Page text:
BEIRUT - A rare UN-backed deal between Syria's warring sides saw hundreds of fighters and civilians evacuate three towns on Monday, as bomb blasts in the regime-held city of Homs killed at least 32 people and wounded 90 others.

Syria's state news agency SANA reported two car bomb blasts, but gave a lower initial toll of six dead and 37 wounded. It was the second major attack in the city since a ceasefire deal took effect earlier this month, paving the way for the government to take over the last rebel-controlled area of Homs.

President Bashar al-Assad's regime has agreed to several ceasefires with rebel groups in the past but Monday's evacuation plan was one of the most elaborate in the nearly five-year war.

The United Nations has been pushing for such local deals as global powers pursue wider efforts to resolve a conflict that left more than 250,000 dead and forced millions from their homes.

More than 450 fighters and civilians, including the wounded, began leaving three flashpoint areas in Syria as part of a six-month truce reached in September.

At least 120 people, including rebels and some civilians, crossed from the last rebel bastion on the Syrian border into Lebanese territory on Monday, an AFP journalist at the scene said.

The Zabadani residents were to fly from Beirut to Turkey, before travelling back into opposition-held areas in Syria, said Rami Abdel Rahman, head of the Syrian Observatory for Human Rights.

Another 335 people, also including civilians, travelled from two regime-controlled villages in northwestern Syria into Turkey on Monday, Abdel Rahman said. Residents of the mainly Shiite villages of Fuaa and Kafraya crossed through the Bab al-Hawa border point and are to fly into Beirut to travel overland to Damascus.

According to a source close to the negotiations, national flag carrier Turkish Airlines will fly both sets of evacuees.

"We appreciate the cooperation of all sides, of the Syrian, Turkish, and Lebanese governments, and all the sides that have signed on to this humanitarian agreement," said UN humanitarian coordinator Yaacoub El Hillo in comments to Al-Mayadeen TV from the Syrian side of the border with Lebanon.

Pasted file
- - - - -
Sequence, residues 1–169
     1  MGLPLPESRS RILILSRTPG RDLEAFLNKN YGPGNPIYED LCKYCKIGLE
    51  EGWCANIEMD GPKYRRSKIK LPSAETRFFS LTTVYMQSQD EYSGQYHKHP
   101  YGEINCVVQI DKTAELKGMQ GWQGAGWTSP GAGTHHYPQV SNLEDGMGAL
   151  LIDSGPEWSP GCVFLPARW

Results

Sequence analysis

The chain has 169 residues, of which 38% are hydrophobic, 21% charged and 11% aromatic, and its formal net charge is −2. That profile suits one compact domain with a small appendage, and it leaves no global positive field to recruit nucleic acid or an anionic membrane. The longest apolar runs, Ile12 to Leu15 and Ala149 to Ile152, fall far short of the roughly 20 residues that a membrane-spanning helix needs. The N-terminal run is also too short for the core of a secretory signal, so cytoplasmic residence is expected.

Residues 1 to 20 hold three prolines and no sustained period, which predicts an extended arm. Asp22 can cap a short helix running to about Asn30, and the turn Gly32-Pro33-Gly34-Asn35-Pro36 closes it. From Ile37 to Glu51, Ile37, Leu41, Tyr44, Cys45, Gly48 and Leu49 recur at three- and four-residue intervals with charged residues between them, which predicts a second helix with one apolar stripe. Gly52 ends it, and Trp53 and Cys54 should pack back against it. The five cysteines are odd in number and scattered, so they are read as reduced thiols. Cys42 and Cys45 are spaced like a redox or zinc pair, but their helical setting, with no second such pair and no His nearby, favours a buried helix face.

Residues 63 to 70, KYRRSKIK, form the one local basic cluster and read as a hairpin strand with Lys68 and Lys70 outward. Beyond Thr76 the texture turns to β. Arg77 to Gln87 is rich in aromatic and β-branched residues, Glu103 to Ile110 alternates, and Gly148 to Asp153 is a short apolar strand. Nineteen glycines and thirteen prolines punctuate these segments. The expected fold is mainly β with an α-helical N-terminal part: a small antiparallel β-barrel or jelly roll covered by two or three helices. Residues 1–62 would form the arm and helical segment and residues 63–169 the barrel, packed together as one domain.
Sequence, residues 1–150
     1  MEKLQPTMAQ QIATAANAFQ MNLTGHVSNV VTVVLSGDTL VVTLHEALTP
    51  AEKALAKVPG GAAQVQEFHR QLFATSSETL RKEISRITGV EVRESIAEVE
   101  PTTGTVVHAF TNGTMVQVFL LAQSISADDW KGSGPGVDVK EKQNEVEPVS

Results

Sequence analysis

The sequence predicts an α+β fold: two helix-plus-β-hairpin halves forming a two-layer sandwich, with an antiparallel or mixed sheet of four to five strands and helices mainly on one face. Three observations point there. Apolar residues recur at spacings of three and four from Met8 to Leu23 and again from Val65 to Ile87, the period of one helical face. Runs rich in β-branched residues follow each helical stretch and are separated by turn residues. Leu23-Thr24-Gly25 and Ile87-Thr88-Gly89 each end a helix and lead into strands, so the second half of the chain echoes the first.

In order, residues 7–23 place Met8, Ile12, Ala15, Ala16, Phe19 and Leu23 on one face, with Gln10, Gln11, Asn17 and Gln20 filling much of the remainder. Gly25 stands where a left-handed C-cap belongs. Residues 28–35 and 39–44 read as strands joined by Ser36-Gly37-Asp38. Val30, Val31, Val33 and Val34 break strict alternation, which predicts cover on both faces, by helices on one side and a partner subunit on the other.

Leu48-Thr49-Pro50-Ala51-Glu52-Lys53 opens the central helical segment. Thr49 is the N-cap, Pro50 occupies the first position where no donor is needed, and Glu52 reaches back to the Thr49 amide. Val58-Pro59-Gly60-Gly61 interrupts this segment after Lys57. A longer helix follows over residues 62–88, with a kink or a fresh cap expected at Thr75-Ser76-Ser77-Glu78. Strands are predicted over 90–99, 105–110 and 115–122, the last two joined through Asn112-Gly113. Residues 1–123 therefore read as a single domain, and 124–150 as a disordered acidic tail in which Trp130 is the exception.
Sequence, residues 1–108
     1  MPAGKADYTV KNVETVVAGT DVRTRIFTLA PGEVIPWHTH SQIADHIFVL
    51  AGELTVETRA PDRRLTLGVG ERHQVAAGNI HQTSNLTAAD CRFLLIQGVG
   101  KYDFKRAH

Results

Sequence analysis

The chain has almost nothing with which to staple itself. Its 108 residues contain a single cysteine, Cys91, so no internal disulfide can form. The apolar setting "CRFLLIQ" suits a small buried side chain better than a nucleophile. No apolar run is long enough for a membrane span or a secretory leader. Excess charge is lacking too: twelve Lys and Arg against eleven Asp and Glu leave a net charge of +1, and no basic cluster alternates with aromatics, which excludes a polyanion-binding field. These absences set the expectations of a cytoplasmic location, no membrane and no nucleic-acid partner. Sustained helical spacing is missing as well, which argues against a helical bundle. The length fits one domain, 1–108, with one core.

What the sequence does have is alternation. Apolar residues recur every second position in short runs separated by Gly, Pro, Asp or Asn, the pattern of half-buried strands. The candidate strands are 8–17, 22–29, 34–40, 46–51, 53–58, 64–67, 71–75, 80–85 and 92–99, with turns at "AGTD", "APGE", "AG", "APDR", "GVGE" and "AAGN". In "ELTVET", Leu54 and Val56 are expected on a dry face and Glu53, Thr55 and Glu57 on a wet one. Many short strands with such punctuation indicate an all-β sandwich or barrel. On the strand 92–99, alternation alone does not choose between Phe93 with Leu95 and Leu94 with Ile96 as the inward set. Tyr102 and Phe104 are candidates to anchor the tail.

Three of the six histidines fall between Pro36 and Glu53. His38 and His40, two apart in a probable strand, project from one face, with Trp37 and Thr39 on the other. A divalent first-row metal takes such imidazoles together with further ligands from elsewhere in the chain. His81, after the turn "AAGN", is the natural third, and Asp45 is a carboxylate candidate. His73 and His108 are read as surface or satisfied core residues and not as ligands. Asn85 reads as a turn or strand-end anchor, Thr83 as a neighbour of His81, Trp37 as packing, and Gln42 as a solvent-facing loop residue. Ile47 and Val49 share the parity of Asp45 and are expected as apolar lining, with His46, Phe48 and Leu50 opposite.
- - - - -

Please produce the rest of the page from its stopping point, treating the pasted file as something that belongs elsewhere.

It is the first time the neighbouring countries are involved in such an evacuation deal.

The next part of the deal, according to the Britain-based Observatory, would see humanitarian aid delivered into the towns.

The Observatory's Abdel Rahman said Assad's regime was keen to reach such agreements as part of its "efforts to secure the capital by seizing control of rebel-held areas or through ceasefire deals".

Al-Manar, a Lebanese television station affiliated with pro-Assad Shiite group Hezbollah, broadcast live footage of the Zabadani convoy entering Lebanon.

Dozens of people gathered at the Masnaa crossing rushed the buses as ambulance sirens wailed.

The station had provided coverage earlier of bearded fighters wearing military-style fatigues boarding the buses amid bombed-out ruins in Zabadani.

Similar ceasefire deals have been implemented in other parts of the country throughout Syria's war, often after crippling sieges of rebel-held areas.

Government figures and local leaders reached a deal last week to evacuate thousands of jihadists and civilians from southern Damascus, but the agreement was apparently derailed after the death of rebel chief Zahran Alloush on Friday.

Alloush, the head of Jaish al-Islam, the foremost rebel group in Damascus province, was killed in an air strike claimed by Syria's government.

In one of the most significant such deals so far, anti-government rebels earlier this month quit the last opposition-held district of the central city of Homs, once dubbed "the capital of the revolution." But violence has since rocked the city.

On Monday, at least 19 people were killed and dozens wounded in large bomb blasts in the city's Al-Zahraa neighbourhood, Syria's state news agency SANA said.

State television said two explosions caused by car bombs and a blast caused by a suicide attacker wearing an explosives-laden belt hit Al-Zahraa's main square.

The station broadcast scenes of chaos in the central city, as firetrucks tried to extinguish flaming cars and rescue workers carried bloodied victims. The residents of Al-Zahraa are mostly Alawites, the minority sect of Syria's ruling clan.

"These terrorist, cowardly, and desperate attacks come in response to the growing spirit of national reconciliation throughout Syria," Prime Minister Wael al-Halqi said in comments carried by state news agency SANA.

The Observatory confirmed the blasts and reported at least 32 dead. The attack came less than three weeks after the Islamic State jihadist group claimed explosions in the same neighbourhood that left 16 people dead.

Elsewhere in Syria, at least 11 people were killed and 40 wounded in rebel shelling of a government-controlled neighbourhood in the northern city of Aleppo, state TV reported.